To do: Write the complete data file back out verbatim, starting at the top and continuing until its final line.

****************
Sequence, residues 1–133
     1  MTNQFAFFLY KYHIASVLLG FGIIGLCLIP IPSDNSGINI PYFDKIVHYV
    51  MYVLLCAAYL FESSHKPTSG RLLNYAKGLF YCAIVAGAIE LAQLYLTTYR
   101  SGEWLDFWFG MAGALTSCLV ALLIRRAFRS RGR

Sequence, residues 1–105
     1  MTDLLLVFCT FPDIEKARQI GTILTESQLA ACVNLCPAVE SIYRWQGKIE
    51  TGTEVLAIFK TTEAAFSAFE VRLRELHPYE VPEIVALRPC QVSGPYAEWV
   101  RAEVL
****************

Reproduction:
Sequence, residues 1–133
     1  MTNQFAFFLY KYHIASVLLG FGIIGLCLIP IPSDNSGINI PYFDKIVHYV
    51  MYVLLCAAYL FESSHKPTSG RLLNYAKGLF YCAIVAGAIE LAQLYLTTYR
   101  SGEWLDFWFG MAGALTSCLV ALLIRRAFRS RGR

Sequence, residues 1–105
     1  MTDLLLVFCT FPDIEKARQI GTILTESQLA ACVNLCPAVE SIYRWQGKIE
    51  TGTEVLAIFK TTEAAFSAFE VRLRELHPYE VPEIVALRPC QVSGPYAEWV
   101  RAEVL